By Jamey Dunn
Legislative Inspector General Thomas Homer is leaving the job at the end of June. On his way out, Homer is making the case for ethics reforms in the state.
Homer sent a letter to lawmakers this week urging them to enact stronger ethics laws geared toward preventing patronage hiring practices and giving teeth to the office of legislative inspector general. He cited recent scandals, including students being admitted into the University of Illinois after lawmakers and other influence wielders intervened on their behalf and House Speaker Michael Madigan’s apparent influence on hiring at Metra.
Homer, who is a former state representative and a former judge, said there is nothing wrong with lawmakers advocating for their constituents. But he says that all constituents should get the opportunity, not just campaign donors or the well connected.
“When insiders can lay claim to political spoils, people without political connections are denied equal opportunities for government jobs or admission to public universities. Moreover, taxpayers lose when public funds are expended for expensive legal settlements, investigations and attorney’s fees associated with scandals that arise from such activities,” Homer said in a prepared statement.
He called for state agencies and public universities to keep a list of hiring and admissions requests made by lawmakers and other officials. The list would be open to the public. Metra informally kept such a list, but it was only released to the public after a task force seeking to reform the agency reported its existence. Metra released the documents, dubbed the "patronage files" by the task force, this week under a Freedom of Information Act request. The task force called Madigan a “prominent participant” in patronage hiring at Metra over the last 30 years.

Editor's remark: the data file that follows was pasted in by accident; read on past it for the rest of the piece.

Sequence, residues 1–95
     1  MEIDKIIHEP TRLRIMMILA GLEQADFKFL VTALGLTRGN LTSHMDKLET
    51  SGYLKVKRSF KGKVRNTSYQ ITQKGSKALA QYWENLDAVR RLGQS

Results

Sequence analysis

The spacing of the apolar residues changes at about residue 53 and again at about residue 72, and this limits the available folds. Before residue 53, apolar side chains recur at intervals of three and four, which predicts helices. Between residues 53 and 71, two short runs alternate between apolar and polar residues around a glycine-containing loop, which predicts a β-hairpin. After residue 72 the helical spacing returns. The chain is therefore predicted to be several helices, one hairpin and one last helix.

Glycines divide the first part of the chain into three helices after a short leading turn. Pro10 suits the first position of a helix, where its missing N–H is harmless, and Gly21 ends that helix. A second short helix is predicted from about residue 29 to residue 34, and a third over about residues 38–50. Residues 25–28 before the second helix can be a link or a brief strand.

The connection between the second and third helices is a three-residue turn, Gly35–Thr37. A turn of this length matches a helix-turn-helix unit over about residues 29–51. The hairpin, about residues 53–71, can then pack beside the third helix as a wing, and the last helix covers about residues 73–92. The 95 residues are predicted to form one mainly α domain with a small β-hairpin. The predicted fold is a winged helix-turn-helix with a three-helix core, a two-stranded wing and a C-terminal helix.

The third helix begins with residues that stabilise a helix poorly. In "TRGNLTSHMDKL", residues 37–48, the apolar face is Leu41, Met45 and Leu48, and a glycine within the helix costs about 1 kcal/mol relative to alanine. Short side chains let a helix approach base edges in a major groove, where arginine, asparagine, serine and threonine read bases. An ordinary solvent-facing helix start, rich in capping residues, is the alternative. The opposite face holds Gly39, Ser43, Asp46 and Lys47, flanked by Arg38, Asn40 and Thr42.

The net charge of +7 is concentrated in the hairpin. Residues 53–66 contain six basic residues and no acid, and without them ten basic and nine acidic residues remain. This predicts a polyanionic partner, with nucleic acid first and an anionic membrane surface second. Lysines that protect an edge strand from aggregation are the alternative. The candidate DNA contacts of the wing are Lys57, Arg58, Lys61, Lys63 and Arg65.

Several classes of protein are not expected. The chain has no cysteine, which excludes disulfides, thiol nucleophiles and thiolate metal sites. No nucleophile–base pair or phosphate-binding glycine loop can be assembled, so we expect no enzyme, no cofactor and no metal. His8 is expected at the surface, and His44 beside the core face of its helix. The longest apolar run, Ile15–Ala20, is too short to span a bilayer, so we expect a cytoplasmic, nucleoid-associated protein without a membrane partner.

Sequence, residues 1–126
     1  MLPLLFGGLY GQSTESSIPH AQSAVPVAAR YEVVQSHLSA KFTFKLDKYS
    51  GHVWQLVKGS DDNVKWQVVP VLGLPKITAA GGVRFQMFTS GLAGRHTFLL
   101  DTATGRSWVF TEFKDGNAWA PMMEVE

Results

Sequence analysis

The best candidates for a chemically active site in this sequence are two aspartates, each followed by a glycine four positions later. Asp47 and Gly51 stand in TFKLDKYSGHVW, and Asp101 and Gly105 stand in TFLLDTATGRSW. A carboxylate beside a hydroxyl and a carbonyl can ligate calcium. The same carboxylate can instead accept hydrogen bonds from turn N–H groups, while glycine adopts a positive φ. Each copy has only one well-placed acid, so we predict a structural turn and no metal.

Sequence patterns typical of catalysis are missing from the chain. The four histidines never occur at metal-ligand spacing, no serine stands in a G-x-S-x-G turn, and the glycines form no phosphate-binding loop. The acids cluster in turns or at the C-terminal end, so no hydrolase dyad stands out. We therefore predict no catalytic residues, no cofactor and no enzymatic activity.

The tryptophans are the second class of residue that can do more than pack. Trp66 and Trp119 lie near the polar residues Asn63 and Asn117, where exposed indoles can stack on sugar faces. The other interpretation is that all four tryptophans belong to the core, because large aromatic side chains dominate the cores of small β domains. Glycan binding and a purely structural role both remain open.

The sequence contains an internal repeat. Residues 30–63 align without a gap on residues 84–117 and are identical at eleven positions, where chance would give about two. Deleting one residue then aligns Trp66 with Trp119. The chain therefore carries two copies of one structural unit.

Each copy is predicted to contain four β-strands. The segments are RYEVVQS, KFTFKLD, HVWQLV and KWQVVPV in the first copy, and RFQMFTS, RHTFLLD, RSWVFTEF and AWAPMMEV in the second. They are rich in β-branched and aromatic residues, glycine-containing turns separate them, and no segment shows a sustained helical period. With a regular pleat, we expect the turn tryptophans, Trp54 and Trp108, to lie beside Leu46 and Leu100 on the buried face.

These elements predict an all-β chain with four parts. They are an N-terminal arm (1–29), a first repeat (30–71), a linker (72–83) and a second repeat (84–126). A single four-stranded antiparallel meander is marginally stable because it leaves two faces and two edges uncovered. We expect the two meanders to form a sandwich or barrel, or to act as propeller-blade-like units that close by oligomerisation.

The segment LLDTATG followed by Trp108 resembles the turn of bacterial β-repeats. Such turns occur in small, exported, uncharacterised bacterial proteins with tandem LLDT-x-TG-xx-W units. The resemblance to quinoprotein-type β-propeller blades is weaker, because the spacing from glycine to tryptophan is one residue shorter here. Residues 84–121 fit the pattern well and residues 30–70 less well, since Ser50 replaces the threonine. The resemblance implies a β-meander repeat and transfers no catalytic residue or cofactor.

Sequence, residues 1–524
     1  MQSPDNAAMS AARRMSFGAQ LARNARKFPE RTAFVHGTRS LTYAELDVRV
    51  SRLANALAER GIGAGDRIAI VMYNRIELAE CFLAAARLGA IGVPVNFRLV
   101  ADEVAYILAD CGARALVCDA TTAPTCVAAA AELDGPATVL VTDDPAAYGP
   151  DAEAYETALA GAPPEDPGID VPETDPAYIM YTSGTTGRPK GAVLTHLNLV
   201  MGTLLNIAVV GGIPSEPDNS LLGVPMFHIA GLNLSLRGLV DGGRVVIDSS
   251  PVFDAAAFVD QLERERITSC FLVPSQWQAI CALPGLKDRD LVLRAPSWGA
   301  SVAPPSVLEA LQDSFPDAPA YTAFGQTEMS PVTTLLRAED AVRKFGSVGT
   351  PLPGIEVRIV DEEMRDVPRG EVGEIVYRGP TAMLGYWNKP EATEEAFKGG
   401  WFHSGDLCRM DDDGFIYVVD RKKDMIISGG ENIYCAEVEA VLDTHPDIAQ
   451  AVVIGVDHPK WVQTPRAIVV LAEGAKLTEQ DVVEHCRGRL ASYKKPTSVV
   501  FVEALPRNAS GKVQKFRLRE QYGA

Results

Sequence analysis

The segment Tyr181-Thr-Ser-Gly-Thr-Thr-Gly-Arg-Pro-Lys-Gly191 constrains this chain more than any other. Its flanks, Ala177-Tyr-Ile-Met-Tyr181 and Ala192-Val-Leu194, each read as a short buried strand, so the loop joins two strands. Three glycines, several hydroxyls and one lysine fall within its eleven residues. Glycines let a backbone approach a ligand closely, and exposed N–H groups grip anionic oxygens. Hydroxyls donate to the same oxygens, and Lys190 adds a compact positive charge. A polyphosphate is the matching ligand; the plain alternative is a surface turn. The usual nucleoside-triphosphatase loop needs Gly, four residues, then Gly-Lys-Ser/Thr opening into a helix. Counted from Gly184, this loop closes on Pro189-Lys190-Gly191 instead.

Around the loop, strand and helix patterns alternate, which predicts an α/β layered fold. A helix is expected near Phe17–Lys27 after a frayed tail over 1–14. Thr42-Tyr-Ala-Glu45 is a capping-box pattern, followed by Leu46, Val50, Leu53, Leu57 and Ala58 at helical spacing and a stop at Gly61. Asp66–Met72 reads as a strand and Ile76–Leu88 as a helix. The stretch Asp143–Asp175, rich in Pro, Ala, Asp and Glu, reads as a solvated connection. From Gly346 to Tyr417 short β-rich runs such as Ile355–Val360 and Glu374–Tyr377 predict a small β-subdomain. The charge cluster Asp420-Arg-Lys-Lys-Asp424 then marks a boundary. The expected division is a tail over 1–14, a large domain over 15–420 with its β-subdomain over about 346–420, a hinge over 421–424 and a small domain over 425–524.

At Madigan's request, Homer investigated his involvement and found no violation of the law. The investigation was closed earlier this month. Homer said he could not comment on any specific investigation, but he did have this to say at the time: “Although I can recommend new laws to address what I believe to be inappropriate conduct by legislators, enforcement actions are limited to violations of existing laws and rules.”
Homer also recommended more transparency from his office. He said that the inspector general should be able to release more information from investigations and that the current confidentiality requirements mean that some finding of misconduct from lawmakers never see “the light of day.”
He renewed his call for penalties to enforce conflict-of-interest provisions for lawmakers. Currently, the code of conduct for lawmakers is “intended only as guides to legislator conduct, and not as rules meant to be enforced by disciplinary action.” Homer said the lack of penalties makes it difficult for his office to go after misconduct. “The absence of penalty provisions undermines our ability to investigate, expose and prevent abuses,” Homer said.